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Orson Welles

BUSINESS
By Stephen Manes | November 13, 1995
TRICK QUESTION: Among the many media at the disposal of the CD-ROM, which may be best suited to it?Video and film become grainy and jerky when transferred to computer disks.Photographs, maps and even text lose their crispness on the low-resolution screens of personal computers.Art and animation expressly designed for those screens work better, but must labor under severe limitations.The winner? Radio. The CD format, after all, was originally designed to deliver music, and although the sound cards and speakers most people use preclude true high-fidelity audio, they can deliver radio-quality sound.
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FEATURES
By Fred Rasmussen and Fred Rasmussen,SUN STAFF | October 26, 1997
Oct. 30, 1938, was a typical cool autumn Sunday as Baltimoreans relished the news that Hopkins had defeated Haverford College, 7-6, after Charlie Rudo scored on an 80-yard touchdown run in the third quarter. On the other hand, Navy and Penn had slugged it out through four grinding periods to a scoreless tie.Headlines in The Sun promised that the War Admiral-Seabiscuit match race that Tuesday would open a "Brilliant Meeting" at Pimlico Race Course, while Brenda Frazier, New York's "glamour deb," had attended the Velvet Ball that weekend.
ENTERTAINMENT
By LOS ANGELES TIMES | May 10, 2007
Dreamgirls [Paramount] $35 The two-disc DVD set lives up to its "Showstopper Edition" moniker. It doesn't include any commentary from writer-director Bill Condon, but it's overflowing with extras, including a comprehensive making-of documentary, "Building the Dream," as well as numerous mini-docs that explore the complicated shooting and editing process for the musical numbers, the evocative costume design and even the theatrical lighting. Also featured are Beyonce Knowles' and Anika Noni Rose's auditions, 12 extended and alternate musical numbers and Knowles' music video of the Oscar-nominated tune, "Listen."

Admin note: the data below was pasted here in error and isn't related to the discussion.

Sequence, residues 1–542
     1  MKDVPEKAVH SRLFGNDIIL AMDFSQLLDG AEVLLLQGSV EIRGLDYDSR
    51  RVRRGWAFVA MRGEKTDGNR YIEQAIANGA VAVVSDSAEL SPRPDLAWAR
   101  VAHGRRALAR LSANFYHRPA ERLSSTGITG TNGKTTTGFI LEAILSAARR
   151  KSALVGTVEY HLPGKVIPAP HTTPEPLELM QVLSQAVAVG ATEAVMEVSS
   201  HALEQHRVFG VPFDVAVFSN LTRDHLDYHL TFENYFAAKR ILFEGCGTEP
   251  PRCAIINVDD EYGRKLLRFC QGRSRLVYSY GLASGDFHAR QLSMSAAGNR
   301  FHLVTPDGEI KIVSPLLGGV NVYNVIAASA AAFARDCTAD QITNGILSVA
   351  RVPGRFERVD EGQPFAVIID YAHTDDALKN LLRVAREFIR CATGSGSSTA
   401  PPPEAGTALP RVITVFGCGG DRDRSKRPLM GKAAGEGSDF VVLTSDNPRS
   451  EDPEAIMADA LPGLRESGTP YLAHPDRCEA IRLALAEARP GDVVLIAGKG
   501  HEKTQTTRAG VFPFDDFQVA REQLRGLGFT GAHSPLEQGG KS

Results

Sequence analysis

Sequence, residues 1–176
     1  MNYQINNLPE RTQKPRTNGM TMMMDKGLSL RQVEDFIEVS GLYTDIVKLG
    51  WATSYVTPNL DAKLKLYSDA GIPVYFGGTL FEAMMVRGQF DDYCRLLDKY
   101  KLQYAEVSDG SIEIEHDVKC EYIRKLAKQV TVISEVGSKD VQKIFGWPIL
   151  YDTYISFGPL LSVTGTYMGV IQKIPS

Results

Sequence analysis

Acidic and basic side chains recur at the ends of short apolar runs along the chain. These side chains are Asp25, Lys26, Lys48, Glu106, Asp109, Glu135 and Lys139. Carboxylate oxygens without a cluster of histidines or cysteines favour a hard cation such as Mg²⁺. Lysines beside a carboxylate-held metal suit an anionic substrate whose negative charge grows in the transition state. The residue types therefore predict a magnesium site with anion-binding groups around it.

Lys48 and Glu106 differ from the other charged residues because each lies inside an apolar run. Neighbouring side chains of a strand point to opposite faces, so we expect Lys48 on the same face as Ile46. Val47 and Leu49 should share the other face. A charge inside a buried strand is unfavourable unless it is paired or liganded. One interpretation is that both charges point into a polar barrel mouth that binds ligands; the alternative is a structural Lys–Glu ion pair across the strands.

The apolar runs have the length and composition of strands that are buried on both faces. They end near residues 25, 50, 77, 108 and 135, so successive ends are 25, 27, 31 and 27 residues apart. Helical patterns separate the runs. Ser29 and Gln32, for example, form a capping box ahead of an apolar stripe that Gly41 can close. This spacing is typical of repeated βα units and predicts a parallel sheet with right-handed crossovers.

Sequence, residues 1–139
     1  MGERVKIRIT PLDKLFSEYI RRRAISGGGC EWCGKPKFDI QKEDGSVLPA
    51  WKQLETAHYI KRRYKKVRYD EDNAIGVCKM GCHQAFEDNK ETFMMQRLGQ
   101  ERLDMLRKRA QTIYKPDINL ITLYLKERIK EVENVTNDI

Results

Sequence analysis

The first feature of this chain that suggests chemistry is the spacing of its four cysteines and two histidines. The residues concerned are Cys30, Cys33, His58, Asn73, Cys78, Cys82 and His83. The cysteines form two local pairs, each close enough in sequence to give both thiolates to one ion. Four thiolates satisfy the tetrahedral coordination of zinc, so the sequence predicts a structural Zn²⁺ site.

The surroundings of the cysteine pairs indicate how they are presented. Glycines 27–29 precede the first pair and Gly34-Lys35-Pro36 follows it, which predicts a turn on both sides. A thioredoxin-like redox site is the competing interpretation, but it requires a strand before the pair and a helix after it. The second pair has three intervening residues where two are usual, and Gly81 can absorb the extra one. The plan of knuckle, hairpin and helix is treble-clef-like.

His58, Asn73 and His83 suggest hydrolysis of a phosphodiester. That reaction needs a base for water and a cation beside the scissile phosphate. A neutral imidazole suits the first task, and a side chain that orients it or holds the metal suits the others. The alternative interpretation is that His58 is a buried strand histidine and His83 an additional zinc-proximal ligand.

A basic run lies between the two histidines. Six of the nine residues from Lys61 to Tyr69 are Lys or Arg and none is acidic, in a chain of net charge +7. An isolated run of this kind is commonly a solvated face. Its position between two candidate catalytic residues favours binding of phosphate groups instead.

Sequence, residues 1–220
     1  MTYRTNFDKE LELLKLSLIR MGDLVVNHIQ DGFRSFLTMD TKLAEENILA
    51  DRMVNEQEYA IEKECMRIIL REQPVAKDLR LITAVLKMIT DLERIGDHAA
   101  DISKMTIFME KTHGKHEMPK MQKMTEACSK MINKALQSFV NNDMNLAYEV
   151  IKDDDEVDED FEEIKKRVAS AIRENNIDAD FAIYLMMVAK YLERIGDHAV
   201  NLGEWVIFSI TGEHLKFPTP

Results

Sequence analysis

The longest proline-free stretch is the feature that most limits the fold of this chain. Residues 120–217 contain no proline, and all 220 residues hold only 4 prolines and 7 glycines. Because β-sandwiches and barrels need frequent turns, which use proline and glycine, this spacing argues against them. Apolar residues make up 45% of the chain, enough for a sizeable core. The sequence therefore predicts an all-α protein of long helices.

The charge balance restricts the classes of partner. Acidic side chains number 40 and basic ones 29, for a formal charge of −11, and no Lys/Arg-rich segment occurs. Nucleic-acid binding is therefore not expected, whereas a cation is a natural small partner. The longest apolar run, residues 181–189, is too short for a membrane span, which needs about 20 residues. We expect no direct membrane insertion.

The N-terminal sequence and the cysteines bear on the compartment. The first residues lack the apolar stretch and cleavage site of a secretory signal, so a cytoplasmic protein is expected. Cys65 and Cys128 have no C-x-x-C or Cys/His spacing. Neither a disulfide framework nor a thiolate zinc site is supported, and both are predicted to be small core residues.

NEWS
March 30, 1991
''Let his blood be upon us and upon our children,'' the mob howled, according to Matthew's gospel, as it demanded the crucifixion of Jesus Christ. Many Christians have been taught that this passage cannot be used to blame Jews or Judaism for Jesus' death. It speaks of the behavior of mobs, and of the human heart's inclination to sin and rejection of divinity. More than 400 years ago the Council of Trent drafted a catechism that declared that ''Christian sinners are more responsible for the death of Christ in comparison with certain Jews who participated in it.''Nevertheless, the notion of Jews as ''Christ-killers'' remained in Christian consciousness and culture, stirring pogrom and inquisition, discrimination and hatred.
FEATURES
By Sarah Kickler Kelber and Sarah Kickler Kelber,Sun reporter | March 2, 2007